When I arrived in Buenos Aires back in July, four months seemed like the longest amount of time to spend in a country. My first night in the city I was so overwhelmed I felt like I could be here for years and still not get used to it. But somehow, I did. Somehow, four months flew by without me noticing.
It’s crazy how quickly the city started to feel like home, how quickly the streets and the smells and the sounds became familiar and normal. It’s crazy how quickly I got used to the colectivos and the subte, how quickly I found favorite cafes to spend my meriendas at, how quickly I developed a routine that I enjoyed.
It’s crazy how I changed and grew as a person here. On my own in a foreign country, I became more self-sufficient and independent. My self-confidence skyrocketed in proportion to my improving Spanish fluency. Placed in a situation far away from my family and my campus, I started to feel like a real adult.
It’s crazy how I relaxed here. I learned the art of sitting down and taking the time to drink coffee, instead of trying to avoid spilling my sips on my shirt as I ran to class. I learned that it was okay to walk through the streets slowly, instead of rushing to get to my destination. I started to enjoy sitting in parks for hours in the afternoons and getting absorbed in a good book. I learned to appreciate more, worry less, and laugh at the awkward.
So, thank you, Buenos Aires. You’ve made me a stronger, happier person. You’ve made me more grateful for every opportunity I’ve had and every person I’ve met. You’ve made me more contemplative and more content. You’ve given me perspective on how big the world is and how fortunate I am. You’ve made my after-graduation plans of leaving the United States for the Peace Corp seem that much more attainable.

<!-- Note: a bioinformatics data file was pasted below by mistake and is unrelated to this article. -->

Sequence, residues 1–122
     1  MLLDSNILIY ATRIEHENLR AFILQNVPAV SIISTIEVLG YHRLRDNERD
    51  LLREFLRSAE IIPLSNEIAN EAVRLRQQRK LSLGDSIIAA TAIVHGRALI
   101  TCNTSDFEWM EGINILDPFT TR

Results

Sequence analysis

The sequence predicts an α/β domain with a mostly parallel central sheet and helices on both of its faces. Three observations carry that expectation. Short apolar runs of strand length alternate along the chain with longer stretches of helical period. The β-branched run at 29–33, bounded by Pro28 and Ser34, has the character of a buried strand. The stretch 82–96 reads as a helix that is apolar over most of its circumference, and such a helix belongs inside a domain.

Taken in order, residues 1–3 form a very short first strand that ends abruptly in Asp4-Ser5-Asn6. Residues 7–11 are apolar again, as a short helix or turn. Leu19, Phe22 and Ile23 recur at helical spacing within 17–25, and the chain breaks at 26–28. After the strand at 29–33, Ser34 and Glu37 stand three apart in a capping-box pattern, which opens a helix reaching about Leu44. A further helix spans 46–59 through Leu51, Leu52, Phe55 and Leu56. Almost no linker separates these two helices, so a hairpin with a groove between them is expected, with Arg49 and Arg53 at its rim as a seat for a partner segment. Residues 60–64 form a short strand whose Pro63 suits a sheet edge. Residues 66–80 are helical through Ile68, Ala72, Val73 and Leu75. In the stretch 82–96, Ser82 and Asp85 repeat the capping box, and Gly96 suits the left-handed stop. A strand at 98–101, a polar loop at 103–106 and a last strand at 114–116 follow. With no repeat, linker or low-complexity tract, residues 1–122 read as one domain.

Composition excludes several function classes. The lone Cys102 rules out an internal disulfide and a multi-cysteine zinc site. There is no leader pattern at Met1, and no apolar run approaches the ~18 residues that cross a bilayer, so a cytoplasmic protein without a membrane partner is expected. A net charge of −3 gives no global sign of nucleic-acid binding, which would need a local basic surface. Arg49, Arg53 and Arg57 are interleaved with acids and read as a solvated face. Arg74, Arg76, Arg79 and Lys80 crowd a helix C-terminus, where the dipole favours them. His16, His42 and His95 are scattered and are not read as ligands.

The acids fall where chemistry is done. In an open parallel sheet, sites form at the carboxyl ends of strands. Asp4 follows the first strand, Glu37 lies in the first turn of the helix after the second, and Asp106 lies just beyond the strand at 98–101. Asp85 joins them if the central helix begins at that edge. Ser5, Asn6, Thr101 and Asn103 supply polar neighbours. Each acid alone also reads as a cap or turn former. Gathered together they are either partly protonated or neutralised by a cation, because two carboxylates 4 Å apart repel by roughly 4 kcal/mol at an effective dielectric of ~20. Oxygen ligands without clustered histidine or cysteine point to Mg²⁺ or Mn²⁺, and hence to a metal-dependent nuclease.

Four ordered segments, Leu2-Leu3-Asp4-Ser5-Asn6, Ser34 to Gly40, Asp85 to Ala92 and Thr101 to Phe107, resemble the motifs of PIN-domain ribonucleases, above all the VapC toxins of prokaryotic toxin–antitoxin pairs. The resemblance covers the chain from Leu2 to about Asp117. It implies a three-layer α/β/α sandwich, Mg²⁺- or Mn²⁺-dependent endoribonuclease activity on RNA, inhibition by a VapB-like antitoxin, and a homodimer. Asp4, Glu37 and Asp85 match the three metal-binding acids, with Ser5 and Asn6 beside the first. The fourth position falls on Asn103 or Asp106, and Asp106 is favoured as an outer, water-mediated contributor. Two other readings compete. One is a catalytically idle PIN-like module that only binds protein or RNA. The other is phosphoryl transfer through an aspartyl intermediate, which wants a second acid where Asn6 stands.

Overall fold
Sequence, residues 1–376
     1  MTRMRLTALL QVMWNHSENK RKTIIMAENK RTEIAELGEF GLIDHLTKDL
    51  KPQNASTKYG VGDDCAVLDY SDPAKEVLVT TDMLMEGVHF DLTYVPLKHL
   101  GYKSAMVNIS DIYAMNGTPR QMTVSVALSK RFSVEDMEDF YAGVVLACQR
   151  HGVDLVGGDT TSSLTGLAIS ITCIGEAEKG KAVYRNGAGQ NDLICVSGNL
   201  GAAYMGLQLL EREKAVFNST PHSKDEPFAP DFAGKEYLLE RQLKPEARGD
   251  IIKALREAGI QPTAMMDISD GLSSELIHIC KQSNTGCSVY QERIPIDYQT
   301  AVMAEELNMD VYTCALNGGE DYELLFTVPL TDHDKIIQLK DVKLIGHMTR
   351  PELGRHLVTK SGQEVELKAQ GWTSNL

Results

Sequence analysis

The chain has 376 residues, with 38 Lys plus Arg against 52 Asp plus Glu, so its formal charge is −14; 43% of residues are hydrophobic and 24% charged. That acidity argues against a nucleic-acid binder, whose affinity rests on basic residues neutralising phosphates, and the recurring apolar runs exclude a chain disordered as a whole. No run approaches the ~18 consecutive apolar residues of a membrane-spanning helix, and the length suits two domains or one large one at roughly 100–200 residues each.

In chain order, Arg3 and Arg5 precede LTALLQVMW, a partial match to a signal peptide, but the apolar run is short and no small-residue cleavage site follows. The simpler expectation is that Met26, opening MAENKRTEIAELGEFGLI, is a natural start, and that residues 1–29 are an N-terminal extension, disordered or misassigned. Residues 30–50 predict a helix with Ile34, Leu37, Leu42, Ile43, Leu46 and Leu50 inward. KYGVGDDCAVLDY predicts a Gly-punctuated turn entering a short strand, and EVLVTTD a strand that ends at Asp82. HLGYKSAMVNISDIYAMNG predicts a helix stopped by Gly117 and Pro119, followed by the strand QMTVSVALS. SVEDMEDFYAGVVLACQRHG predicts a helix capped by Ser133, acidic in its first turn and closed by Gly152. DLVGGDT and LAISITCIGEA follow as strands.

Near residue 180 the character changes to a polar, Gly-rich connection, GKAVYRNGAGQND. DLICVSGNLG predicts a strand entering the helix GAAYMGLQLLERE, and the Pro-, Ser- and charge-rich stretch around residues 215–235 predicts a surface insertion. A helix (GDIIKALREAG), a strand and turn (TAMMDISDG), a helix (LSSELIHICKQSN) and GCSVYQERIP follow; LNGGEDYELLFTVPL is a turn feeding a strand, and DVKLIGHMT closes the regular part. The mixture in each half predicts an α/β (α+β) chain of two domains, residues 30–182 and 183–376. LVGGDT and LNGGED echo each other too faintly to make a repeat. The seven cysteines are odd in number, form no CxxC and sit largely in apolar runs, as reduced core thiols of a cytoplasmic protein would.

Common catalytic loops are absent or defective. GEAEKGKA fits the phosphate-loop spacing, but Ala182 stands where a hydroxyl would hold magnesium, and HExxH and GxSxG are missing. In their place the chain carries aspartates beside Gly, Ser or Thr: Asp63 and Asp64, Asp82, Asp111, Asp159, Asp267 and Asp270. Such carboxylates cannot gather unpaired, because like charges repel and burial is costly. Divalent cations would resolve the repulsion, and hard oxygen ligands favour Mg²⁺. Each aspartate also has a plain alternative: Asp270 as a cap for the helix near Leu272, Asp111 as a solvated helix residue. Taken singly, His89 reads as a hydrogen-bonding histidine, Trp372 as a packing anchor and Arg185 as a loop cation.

Thank you for an amazing semester, full of ups and downs and highs and lows and greatness and routine. Full of friends and solitude, and richness and poverty, and South America and Europe and all the cultures in-between. I’ve experienced so much of life in such a short amount of time.
When I go back to the United States, I’m not going to remember the time that my homestay lost electricity and water for two days straight. I’m not going to remember the time that I left my cell phone in a park. I’m not going to remember getting sick or getting lost. I’m not going to remember a semester spent without an umbrella in a city with once-a-week downpours. I might remember the instant coffee I was forced to drink, but even that’s starting to grow on me.
I’m going to remember staying up late and sleeping in. I’m going to remember traveling to four countries in the span of four weeks. I’m going to remember sunsets in Montevideo and walking tours in Buenos Aires. Dulce de leche and empanadas. Sharing maté with Argentine friends. Volunteering in the villas. Drinking enough wine to start enjoying the taste.
I’m excited to go home and spend the holidays with my family and my friends. But I’ll never forget everything I’ve learned during my months here.
So, thank you, Buenos Aires.
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<p>I am Maria Oldenburg, and I'm a sophomore Economics and International Studies double major at Case Western Reserve University in Cleveland, Ohio. On campus, you can find me pretending to be a professional photographer, exploring the local coffee scene, or hopelessly planning my dream backpacking trip across Southeast Asia. Originally from Pittsburgh, Pennsylvania, I can't wait to eat my weight in empanadas, learn quality puns in Spanish, and tango with the best of them during my semester in Buenos Aires!</p>